We are not in the position, however, to determine whether, based on the exhibits that we have noted here should have been admitted, C.L. is entitled to restitution and if so, how much. The statute dictates that in determining whether to award restitution and the amount thereof, a court must consider, in addition to the amount of economic loss sustained by the victim, “the financial resources, need and earning ability of the defendant, and such other factors as the court deems appropriate.” I.C. 19–5304(7). As we do not have sufficient information to weigh these factors, we remand to the magistrate court to take into account the exhibits we have held are admissible, in conjunction with the factors prescribed by the statute, to determine whether to award restitution and to what extent. This is especially true in this case where no evidence to the contrary was submitted on the issue of entitlement to restitution or challenging any of the amounts requested. We also note that given its disposition of the issue, the magistrate never determined which of the parties, between Doe's natural mother and legal guardian, would be responsible for restitution ordered, if any. Thus, should the magistrate decide that restitution is appropriate under the circumstances, this issue must be adjudicated as well. We also instruct that any amount awarded for restitution should be formalized in a civil judgment that may be utilized by the victim to pursue payment of the amount.
The district court erred in affirming the magistrate's denial of restitution. The testimony of the victim, C.L., along with the medical bills presented a prima facie case for an award of restitution. Accordingly, the order of the district court affirming the magistrate's denial of restitution for medical expenses is reversed and the case remanded for further proceedings consistent with the holdings herein.
1. See North Carolina v. Alford, 400 U.S. 25, 91 S.Ct. 160, 27 L.Ed.2d 162 (1970).
2. The bills presented were for services provided on June 28, 2005 from St. Alphonsus Regional Medical Center for $4,741.30, Ada County Paramedics for $766.44, Gem State Radiology for $511.50, and Idaho Emergency Physicians, P.A. for $684.11, as well as charges from Gray and Smith Family Dental, P.A. for $325.59 and Southwest Idaho Ear Nose & Throat, P.A. for $156.50 for services presumably provided on later dates.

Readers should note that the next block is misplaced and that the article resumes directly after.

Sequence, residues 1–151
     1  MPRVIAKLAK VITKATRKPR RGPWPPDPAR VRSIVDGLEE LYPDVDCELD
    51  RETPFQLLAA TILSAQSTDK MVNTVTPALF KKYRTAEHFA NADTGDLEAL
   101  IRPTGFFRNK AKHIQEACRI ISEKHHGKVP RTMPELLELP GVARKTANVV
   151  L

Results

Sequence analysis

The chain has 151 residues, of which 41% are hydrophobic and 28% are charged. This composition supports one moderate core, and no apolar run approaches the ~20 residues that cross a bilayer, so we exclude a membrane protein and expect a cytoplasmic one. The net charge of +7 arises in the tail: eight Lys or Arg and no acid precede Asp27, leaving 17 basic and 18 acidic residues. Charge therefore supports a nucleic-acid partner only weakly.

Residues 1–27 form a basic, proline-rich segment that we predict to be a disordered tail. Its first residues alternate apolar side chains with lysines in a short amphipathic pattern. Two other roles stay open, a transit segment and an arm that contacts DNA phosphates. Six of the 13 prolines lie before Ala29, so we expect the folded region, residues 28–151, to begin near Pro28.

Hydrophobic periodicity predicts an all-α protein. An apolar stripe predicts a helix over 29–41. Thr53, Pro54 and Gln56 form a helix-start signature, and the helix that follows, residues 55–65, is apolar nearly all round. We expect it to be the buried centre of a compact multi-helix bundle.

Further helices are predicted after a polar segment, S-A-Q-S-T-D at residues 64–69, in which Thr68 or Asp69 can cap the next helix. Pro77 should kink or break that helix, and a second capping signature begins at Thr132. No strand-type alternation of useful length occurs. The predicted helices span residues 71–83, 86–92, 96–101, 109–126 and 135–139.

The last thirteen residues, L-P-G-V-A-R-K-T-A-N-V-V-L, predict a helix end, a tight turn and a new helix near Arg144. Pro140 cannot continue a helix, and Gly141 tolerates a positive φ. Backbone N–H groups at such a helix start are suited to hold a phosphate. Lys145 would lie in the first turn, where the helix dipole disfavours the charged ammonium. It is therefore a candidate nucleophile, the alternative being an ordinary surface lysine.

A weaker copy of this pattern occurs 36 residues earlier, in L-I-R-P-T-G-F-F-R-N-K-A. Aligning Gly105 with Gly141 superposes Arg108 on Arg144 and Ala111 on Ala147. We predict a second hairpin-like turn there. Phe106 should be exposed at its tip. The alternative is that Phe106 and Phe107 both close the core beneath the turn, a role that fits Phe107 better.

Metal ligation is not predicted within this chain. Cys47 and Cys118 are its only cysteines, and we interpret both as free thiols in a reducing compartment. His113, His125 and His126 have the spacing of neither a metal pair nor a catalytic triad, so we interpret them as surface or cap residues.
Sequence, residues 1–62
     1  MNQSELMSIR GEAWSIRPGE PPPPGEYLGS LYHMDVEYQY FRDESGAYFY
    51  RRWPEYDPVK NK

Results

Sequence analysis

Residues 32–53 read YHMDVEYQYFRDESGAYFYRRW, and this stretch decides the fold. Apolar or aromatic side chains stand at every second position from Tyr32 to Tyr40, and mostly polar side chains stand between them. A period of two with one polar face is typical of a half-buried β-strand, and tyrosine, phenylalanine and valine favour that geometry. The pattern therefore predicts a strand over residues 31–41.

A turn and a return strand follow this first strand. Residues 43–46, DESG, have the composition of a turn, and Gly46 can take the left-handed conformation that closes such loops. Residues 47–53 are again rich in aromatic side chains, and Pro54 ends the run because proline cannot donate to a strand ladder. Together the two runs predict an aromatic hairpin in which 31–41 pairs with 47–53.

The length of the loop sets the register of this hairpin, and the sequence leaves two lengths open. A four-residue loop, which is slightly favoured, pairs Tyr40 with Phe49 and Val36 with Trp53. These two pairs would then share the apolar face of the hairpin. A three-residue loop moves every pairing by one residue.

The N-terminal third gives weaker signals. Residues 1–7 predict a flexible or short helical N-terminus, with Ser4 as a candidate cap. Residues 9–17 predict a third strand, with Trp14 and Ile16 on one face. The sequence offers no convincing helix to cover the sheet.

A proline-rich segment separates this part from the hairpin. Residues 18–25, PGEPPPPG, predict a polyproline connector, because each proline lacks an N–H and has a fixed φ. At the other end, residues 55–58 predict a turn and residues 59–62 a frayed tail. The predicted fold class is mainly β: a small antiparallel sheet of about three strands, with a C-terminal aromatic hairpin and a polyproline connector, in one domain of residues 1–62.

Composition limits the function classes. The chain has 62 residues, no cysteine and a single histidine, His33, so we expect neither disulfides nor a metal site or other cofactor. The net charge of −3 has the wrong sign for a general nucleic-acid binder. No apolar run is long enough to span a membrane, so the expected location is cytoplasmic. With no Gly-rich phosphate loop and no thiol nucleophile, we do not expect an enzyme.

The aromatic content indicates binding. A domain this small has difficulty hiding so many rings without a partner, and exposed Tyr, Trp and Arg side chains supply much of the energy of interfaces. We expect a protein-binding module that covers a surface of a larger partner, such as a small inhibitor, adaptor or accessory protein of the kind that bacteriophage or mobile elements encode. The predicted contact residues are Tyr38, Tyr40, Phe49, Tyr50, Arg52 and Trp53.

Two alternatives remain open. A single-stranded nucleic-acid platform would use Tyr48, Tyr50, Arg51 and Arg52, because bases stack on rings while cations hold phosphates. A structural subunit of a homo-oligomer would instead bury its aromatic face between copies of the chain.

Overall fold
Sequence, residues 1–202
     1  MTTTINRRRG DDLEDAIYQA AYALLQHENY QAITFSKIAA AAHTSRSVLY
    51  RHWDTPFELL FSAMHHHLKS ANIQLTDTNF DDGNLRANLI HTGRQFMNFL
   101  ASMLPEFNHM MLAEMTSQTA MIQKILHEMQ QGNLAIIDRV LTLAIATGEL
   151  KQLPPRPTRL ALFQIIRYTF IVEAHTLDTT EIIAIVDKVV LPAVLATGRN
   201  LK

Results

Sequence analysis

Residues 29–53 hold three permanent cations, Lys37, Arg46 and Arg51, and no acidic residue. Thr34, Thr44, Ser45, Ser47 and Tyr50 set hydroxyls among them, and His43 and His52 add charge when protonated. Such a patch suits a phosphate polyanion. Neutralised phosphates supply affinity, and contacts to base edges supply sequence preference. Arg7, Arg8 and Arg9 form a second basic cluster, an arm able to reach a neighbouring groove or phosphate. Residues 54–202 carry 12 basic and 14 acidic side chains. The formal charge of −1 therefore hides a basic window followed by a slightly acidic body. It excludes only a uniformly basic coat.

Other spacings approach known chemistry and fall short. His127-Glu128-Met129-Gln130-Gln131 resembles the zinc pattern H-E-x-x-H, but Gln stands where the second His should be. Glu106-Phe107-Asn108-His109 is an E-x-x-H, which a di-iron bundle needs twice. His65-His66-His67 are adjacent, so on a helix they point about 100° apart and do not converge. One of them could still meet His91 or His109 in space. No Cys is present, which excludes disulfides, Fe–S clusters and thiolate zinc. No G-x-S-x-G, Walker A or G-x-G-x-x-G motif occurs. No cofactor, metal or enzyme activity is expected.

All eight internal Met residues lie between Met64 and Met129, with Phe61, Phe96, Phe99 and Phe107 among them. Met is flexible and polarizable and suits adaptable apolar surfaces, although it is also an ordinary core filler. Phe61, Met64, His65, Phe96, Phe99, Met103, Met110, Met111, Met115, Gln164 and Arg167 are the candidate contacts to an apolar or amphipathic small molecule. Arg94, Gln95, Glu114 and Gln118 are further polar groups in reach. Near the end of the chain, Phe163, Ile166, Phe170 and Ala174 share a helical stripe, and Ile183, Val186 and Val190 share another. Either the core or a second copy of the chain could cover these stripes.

3. In addition to Doe's counsel, counsel for Doe's guardian and counsel for Doe's mother were also present at the initial restitution hearing. There was some discussion at the outset of the hearing as to who would be responsible between Doe's guardian and mother for any restitution ordered. The magistrate reserved ruling on the issue.
4. On appeal, Doe includes Idaho Rule of Evidence 401, 402, and, 403, as grounds also mandating exclusion of the exhibits. However, Doe's objection to admission of the exhibits was based solely on grounds that there was insufficient foundation for their admittance and the trial court addressed the issue within these confines. Accordingly, we will not address the alternate grounds upon which Doe argues the evidence should have been excluded. See State v. Stevens, 115 Idaho 457, 459, 767 P.2d 832, 834 (Ct.App.1989) (“[A]n objection on one ground will not be deemed sufficient to preserve for appeal all objections that could have been raised.”)
5. We recognize that Van Brunt v. Stoddard, 136 Idaho 681, 686, 39 P.3d 621, 626 (2001), was decided in regard to the admission of summaries of medical bills and medical records as opposed to the bills and records themselves, as is at issue in this case. However, the court noted that for summaries to be admissible, the underlying documents upon which the summary relies must be shown to have been admissible. As a result, the court goes on to render its holding in the context of the admissibility of the underlying documents, making the decision applicable to the case at hand.
6. In Van Brunt, only the plaintiff testified in regard to admission of the summaries of the medical bills and records attached. We note that during the course of the trial the plaintiff's primary treating physicians testified as to the care they had provided the plaintiff and the defendant's medical expert testified regarding his findings after an independent medical examination of the plaintiff.
GUTIERREZ, Chief Judge.
Judge PERRY and Judge Pro Tem SCHWARTZMAN concur.
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Docket No: No. 34295.
Decided: June 09, 2008
Court: Court of Appeals of Idaho.